1. Commit to weekly weigh-ins and track your results. Many people avoid the scale because they don’t like what they see. Just because we don’t look at the number on the scale doesn’t mean the weight isn’t there. We need that reminder of what is really going on with our body. We need the accountability. I like weighing in on Mondays so I am accountable for what I eat over the weekend. Post your weekly results somewhere visible to others for even more accountability. Whether you put your weight changes into your LoseIt app or you jot them down on a calendar at your house, you need some kind of accountability – even if it’s just sharing them with a close friend.
2. Don’t expect weight loss to be in a straight line. Weight loss doesn’t go down in a perfect sloping line. Women can fluctuate 3-7 pounds during their cycle, and there are many other variables. Muscle weight fluctuates depending on what you eat and how you train. Even our bowls can hold several pounds of waste and fluid, throwing off our scale. The bottom line is, there are many variables that can mask progress.
3. Take a closer look. If you did have a bad weigh-in, don’t completely blow it off. While some people beat themselves up for a bad weigh-in, there are others who use muscle gain or other variables as an excuse for their lack of weight loss. While you can gain some muscle weight (3-5lbs average) when starting a fitness program, the weight on the scale should eventually start going down. Muscle gain normally happens at the beginning of a program, but it levels off – and the fat loss will eventually outweigh the muscle gain. So, don’t use these variables as excuses not to check your program. Always take a closer look at your diet and look for possible mistakes. Sometimes it may be a missing day of logging or it is a high-calorie food you missed. Whatever the case, always take a closer look at what you are doing just to make sure you aren’t making mistakes that are preventing progress.
4. Refocus. Once you have done everything you can to make sure you aren’t making mistakes, then you chalk it up to one bad weigh-in and you refocus your energy on your “why”. Remember, you didn’t start this for a magic number. You did this to improve. Have you improved since you started? If you have done it for any length of time, I’m guessing that answer is yes. Do you still want to reach the goal you set when you started? Of course you do. Once you weigh-in, step off the scale and leave the number on the scale behind. This is your LIFE, not a number. You are doing this to make improvements, not perfection. No matter what the scale says, you are becoming healthier and better every single day you keep on keeping on!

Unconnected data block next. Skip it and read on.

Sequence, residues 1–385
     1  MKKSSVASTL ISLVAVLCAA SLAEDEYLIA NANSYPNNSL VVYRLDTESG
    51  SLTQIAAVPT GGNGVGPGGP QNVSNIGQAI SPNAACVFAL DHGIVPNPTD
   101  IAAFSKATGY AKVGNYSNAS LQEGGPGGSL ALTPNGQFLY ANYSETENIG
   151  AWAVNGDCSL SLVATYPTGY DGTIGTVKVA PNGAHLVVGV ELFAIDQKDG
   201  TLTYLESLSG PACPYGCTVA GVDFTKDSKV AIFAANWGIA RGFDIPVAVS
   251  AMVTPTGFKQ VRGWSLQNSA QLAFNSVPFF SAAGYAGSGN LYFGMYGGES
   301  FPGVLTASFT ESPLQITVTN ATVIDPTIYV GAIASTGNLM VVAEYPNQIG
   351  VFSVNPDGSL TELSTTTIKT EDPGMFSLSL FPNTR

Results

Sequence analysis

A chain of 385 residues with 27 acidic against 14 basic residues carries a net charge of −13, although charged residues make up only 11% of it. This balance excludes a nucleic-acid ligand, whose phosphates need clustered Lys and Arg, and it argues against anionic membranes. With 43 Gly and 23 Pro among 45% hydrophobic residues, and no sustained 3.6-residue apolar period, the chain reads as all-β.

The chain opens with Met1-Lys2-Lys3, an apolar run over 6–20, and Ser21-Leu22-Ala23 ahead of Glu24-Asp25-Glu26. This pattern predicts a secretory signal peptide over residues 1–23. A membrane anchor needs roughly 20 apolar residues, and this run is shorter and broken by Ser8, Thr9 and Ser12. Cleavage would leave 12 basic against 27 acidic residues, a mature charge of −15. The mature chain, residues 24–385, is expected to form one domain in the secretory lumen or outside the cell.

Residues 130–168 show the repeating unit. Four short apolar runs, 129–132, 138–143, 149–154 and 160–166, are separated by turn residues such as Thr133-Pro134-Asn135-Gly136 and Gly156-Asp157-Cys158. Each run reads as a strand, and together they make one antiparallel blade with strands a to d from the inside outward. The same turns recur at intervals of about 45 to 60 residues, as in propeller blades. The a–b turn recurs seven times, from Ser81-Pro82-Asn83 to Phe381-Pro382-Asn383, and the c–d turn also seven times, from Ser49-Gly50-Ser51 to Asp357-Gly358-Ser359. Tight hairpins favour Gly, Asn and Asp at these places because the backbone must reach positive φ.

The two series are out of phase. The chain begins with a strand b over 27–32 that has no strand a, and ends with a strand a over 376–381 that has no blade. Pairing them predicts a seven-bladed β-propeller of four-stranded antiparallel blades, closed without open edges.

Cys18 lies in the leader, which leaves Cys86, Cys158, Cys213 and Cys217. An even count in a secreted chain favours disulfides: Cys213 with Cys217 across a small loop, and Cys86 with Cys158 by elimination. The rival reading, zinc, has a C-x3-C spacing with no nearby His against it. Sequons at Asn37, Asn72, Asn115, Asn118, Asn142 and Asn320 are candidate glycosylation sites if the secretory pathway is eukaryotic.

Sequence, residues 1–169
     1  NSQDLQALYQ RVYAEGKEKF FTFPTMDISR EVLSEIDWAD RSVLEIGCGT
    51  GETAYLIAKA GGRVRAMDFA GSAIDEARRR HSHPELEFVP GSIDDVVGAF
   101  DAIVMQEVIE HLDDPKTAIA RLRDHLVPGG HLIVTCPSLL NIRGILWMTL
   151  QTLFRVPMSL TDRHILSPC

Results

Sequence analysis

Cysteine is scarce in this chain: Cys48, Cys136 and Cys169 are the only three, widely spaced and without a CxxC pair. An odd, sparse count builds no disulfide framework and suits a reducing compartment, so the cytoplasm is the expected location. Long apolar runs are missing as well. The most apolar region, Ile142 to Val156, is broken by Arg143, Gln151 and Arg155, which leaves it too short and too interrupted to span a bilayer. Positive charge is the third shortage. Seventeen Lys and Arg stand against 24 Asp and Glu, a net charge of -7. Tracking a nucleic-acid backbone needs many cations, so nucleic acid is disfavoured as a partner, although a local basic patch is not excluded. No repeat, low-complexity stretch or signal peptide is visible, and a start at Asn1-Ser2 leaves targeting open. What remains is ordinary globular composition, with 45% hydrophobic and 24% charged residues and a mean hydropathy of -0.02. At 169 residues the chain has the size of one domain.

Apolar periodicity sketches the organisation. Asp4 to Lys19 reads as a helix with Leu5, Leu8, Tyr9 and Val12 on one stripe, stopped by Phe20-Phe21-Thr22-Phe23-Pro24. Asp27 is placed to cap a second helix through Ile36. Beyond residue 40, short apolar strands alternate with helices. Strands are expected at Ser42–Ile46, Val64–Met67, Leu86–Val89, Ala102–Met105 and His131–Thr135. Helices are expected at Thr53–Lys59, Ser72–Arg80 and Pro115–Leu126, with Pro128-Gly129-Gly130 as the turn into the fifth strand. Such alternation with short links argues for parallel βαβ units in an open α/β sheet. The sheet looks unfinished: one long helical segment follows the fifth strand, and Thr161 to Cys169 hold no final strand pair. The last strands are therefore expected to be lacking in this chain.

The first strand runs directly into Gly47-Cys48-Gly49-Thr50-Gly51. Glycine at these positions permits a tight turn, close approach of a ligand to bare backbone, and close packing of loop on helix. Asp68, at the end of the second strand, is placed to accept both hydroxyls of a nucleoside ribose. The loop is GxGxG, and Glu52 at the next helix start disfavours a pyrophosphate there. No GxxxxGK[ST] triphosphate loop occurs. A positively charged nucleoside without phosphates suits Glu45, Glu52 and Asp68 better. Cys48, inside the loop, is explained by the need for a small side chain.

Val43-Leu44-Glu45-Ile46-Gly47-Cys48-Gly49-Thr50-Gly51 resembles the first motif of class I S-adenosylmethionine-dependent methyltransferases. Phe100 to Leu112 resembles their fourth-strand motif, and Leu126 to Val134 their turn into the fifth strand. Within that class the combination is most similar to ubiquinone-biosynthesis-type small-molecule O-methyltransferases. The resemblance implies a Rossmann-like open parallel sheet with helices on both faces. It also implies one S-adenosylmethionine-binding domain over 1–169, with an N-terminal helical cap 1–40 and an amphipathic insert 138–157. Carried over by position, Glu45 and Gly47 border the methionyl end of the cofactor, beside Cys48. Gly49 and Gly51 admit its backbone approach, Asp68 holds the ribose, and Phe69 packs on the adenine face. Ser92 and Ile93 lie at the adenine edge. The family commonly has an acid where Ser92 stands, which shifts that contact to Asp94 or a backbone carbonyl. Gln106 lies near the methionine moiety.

5. Don’t get sad, get mad. Tasha used her failure as fuel. Instead of letting the scale beat her up, she used the scale to pump her up – and it worked every time. Instead of diving into a bowl of ice cream in self-pity, she ramped up her intensity even more. A bad weigh-in actually can be very good for a trainer and client because it holds them accountable. Sometimes, a good weigh-in results in the client slacking off. However, a bad weigh-in reminds us to tighten the reins and work a little harder. Plan NOW how you will respond the next time you have a bad weigh-in. Will you go for a long run. Will you fast or change your diet? You WILL have a bad weigh-in from time to time. Be prepared for it and be ready to fight with all you have.
Click HERE to learn more about the program Tasha followed to lose weight.
Steve & Tasha Talk About Weekly Weigh-Ins